The Dead Zoo: Edmontosaurus

New discoveries have significantly altered this oft-overlooked dinosaur.

The up-to-date Edmontosaurus regalis. Credit: Xing et al. 2017


Dinosaurs are always changing. Even if bones have been pieced together and reconstructed in more or less in their present configurations for decades now, studies of those bones and additional fossils are continuing to alter what we think the “terrible lizards” looked like. And while I’m all in favor of new investigations bringing us dinosaurs in greater detail than ever before, I have to admit that sometimes science makes old favorites look a little… silly.

For one hundred years, Edmontosaurus has been the very model of a massive duckbilled dinosaur. Others of its kind were more ornate – like the tube-crested fan favorite Parasaurolophus – but the bones of the “Edmonton lizard” have been found in such abundance and to such a degree of completeness that this dinosaur is effectively the banner-carrying member of its dinosaurian branch. You can find fossils and reconstructions of the dinosaur in museums from Los Angeles to New York to Oxford, standing there like a mallard’s dream of what a duck wants to be when it grows up.

Yet Edmontosaurus offers us a paleontological paradox. This herbivorous dinosaur, named by Lawrence Lambe in 1917, is so familiar to us that we assume we know this dinosaur well. The fact of the matter is that Edmontosaurus has been offering us a string of unexpected surprises.

As with almost anything dinosaurian these days, there’s the matter of taxonomy. Paleontologists are always re-examining and revising the relationships of dinosaurs, and it turns out that some dinosaurs once thought to be distinct are instead variations of Edmontosaurus. The immense Anatotitan – once thought to be a gigantic neighbor of Edmontosaurus – has turned out to simply be the rare, fully-mature form of Edmontosaurus. And then there’s Ugrunaaluk, a recently-named dinosaur from Alaska that was originally identified as Edmontosaurus, separated out into a new species, and now seems to be synonymous with Edmontosaurus again.

These changes aren’t just taxonomic bookkeeping. That Edmontosaurus and “Anatotitan” are the same animal tells us that these dinosaurs rarely ever reached their full body size and mature skeletal anatomy. In other words, life was hard for dinosaurs and even those who managed to make it to adulthood died young. The fact that “Ugrunaalukis probably Edmontosaurus, too, tells us something about the animal. Rather than being isolated to a small geographic pocket or basin, Edmontosaurus populations ranged far and wide. They really were the “cows of the Cretaceous.”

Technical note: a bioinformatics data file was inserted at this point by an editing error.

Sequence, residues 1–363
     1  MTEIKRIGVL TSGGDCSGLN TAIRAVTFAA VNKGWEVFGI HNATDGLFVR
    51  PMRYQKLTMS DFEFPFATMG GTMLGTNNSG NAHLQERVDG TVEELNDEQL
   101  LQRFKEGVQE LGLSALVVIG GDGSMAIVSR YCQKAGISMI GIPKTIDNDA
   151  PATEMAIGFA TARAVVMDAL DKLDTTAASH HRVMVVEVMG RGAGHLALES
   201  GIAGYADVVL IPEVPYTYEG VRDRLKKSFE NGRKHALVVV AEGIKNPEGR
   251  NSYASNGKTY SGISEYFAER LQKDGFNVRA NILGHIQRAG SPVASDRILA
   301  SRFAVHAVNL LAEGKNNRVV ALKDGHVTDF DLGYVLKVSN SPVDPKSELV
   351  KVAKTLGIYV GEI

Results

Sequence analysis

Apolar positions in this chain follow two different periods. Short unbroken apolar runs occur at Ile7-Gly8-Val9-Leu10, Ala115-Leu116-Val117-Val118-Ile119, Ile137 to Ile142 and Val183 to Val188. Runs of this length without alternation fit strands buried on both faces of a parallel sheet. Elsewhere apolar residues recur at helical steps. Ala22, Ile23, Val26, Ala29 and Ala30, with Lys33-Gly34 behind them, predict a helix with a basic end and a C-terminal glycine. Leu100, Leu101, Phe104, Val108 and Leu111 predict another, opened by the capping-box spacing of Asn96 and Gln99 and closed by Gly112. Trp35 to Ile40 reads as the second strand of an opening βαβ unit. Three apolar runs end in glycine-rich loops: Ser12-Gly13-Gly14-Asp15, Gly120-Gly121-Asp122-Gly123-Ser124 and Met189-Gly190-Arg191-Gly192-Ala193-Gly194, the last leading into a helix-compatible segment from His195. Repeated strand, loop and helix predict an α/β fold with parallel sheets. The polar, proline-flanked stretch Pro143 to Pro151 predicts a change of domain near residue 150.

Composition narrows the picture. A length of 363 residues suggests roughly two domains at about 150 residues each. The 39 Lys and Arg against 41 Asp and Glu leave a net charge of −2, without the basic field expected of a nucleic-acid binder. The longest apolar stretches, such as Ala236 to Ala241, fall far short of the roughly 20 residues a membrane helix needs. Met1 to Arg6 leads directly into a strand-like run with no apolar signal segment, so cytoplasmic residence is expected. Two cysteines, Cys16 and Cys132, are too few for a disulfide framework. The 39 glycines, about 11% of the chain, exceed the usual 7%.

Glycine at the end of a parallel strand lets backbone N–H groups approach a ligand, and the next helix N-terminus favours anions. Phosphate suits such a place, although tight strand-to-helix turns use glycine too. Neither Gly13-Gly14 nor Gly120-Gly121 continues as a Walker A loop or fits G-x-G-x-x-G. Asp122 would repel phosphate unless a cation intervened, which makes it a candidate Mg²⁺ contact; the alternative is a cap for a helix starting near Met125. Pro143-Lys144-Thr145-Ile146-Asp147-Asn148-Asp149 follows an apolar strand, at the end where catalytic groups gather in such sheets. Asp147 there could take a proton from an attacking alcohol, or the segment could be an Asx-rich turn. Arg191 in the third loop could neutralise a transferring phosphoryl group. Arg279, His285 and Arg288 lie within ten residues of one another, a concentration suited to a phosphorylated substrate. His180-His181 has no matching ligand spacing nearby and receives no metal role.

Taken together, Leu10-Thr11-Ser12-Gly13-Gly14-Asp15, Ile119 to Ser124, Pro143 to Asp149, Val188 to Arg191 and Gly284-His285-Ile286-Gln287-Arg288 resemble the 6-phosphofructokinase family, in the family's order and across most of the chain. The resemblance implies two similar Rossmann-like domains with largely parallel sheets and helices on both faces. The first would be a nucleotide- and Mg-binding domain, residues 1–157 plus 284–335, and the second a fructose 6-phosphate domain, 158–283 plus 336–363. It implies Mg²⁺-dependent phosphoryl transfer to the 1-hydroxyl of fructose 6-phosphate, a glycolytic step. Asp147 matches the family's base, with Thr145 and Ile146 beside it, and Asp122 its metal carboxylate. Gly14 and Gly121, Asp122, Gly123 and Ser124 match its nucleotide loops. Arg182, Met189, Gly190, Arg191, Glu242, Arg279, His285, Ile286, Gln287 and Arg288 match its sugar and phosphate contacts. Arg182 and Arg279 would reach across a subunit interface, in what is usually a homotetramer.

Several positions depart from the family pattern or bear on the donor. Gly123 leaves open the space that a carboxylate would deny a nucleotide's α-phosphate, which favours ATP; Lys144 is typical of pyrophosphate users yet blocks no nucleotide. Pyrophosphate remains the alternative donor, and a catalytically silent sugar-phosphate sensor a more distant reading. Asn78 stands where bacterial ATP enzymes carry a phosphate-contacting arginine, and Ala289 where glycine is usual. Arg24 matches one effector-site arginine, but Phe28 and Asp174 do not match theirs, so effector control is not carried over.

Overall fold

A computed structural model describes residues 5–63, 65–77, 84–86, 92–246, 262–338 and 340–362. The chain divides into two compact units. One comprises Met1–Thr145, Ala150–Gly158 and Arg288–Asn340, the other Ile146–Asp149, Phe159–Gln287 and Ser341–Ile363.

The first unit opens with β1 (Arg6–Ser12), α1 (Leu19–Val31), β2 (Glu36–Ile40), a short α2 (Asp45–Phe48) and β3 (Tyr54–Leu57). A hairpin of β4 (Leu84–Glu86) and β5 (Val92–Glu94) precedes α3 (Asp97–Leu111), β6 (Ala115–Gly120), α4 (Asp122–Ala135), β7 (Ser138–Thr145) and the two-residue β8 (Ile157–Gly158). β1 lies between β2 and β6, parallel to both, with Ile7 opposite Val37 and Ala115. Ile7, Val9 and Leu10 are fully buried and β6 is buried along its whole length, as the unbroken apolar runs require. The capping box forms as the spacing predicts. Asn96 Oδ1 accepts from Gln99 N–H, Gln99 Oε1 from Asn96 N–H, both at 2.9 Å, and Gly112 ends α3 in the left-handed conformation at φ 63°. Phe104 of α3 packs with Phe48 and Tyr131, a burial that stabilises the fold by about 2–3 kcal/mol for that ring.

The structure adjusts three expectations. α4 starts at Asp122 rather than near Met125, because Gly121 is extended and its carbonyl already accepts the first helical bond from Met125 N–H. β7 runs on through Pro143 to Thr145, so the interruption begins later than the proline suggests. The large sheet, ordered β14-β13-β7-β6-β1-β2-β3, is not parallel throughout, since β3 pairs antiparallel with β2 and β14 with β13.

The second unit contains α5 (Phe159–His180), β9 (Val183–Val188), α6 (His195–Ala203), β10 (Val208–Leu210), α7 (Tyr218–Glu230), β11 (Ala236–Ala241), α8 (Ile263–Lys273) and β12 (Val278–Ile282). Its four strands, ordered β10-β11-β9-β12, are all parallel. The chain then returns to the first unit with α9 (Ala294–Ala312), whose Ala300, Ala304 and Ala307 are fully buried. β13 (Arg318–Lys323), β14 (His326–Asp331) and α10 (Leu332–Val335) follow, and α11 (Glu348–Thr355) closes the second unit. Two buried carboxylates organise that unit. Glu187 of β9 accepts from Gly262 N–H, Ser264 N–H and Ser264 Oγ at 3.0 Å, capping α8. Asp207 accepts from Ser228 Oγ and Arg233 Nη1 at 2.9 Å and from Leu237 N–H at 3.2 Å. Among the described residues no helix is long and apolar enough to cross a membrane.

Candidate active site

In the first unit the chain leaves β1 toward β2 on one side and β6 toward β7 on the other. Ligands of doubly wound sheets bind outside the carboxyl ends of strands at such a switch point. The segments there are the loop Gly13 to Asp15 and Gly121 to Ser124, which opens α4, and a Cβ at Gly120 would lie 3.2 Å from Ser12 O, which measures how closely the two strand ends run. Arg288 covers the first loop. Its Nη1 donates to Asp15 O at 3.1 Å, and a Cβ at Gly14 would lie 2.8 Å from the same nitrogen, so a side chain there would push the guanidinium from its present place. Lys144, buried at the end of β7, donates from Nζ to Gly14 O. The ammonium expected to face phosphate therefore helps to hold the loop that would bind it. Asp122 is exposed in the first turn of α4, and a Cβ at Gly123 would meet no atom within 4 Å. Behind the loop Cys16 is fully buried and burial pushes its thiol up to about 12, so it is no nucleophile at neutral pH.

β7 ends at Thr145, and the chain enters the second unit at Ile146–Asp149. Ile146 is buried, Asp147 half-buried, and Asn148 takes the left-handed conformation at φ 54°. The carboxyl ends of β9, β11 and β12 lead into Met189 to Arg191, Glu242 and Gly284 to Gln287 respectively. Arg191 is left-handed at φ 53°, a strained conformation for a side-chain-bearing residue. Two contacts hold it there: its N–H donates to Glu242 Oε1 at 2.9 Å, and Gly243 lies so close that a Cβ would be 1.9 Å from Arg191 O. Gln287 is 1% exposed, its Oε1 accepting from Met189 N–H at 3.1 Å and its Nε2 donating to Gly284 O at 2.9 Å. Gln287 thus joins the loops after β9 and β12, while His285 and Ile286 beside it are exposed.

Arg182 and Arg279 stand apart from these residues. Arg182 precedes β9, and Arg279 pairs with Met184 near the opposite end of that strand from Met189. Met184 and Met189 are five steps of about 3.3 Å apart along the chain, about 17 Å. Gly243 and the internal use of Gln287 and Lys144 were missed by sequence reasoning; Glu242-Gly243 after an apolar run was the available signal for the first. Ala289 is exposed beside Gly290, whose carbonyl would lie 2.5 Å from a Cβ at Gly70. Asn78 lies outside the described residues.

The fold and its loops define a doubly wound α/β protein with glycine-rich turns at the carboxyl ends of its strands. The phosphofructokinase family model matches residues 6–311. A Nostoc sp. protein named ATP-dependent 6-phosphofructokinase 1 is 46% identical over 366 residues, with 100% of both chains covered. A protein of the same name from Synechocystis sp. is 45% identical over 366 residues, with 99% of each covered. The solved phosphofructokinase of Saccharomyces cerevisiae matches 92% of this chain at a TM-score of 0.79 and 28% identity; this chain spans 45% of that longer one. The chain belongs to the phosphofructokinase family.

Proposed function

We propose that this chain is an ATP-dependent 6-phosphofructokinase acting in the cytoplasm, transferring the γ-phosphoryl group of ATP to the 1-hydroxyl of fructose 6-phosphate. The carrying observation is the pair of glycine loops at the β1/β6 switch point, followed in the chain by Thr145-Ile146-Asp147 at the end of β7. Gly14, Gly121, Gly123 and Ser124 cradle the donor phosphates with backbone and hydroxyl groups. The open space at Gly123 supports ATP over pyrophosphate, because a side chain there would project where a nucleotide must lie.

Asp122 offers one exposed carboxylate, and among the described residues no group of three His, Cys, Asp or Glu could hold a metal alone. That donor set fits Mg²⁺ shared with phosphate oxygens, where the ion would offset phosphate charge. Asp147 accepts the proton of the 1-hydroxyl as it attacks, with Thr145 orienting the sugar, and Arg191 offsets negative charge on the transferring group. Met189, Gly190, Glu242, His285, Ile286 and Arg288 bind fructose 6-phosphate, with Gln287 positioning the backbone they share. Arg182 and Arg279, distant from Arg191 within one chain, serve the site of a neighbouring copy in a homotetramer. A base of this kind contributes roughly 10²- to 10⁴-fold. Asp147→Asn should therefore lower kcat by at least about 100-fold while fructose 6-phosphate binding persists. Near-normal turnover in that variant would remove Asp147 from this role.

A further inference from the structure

But that’s not all. Even though Edmontosaurus and its relatives are now, and probably will forever be, called duckbilled-dinosaurs, a fossil on display at the Natural History Museum of Los Angeles shows that these dinosaurs were shovel-beaked. A rare soft-tissue impression reveals that the beak of Edmontosaurus was not smooth and flat, but was a corrugated overhang that jutted down from its snout. (And, naturally, while ducks are toothless, paleontologists have known from the start that Edmontosaurus had a dental battery of diamond-shaped teeth the dinosaurs used to pulverize plant food.) Then came something totally unexpected.

In 2013 paleontologist Phil Bell and colleagues forever changed Edmontosaurus. A unique fossil of Edmontosaurus regalis found in Alberta, Canada showed a strange soft tissue impression atop its skull. This wasn’t skin from the rest of the body that had sloughed off and come to rest in an unusual place. It was a little cap – what the researchers called a comb – made entirely of soft tissues that had escaped fossilization in every other specimen found before. Edmontosaurus didn’t have the delicate bony crests of its cousins, but had substituted a flashy little dome atop its head.

The comb is utterly ridiculous. Edmontosaurus now looks like it’s wearing a beanie that has lost its propeller. The majesty of imagining the multi-ton herbivore walking through the Cretaceous forest is totally undone by that little flag of flesh. And how perfect is that? Dinosaurs did not evolve to our aesthetic tastes. They were living creatures who probably bore all sorts of strange soft tissue decorations of which we as yet know little. Our concerns over whether Edmontosaurus regalis truly looked regal don’t matter to animals 66 million years extinct who had their own agendas for showing off and signaling to each other. I can’t help but laugh every time I see the newly-crowned Edmontosaurus, a perfect reminder of just how wonderful and bizarre dinosaurs were.

More profiles in this series:

Tyrannosaurus | Stegosaurus | Uintatherium

Keep following the fossil trail...

Brian Switek
Brian Switek

Brian is the author of My Beloved Brontosaurus, Written in Stone, and other books. He also writes the Laelaps blog for Scientific American and publishes on fossil discoveries in outlets from Smithsonian to the Wall Street Journal.

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The Dead Zoo: Edmontosaurus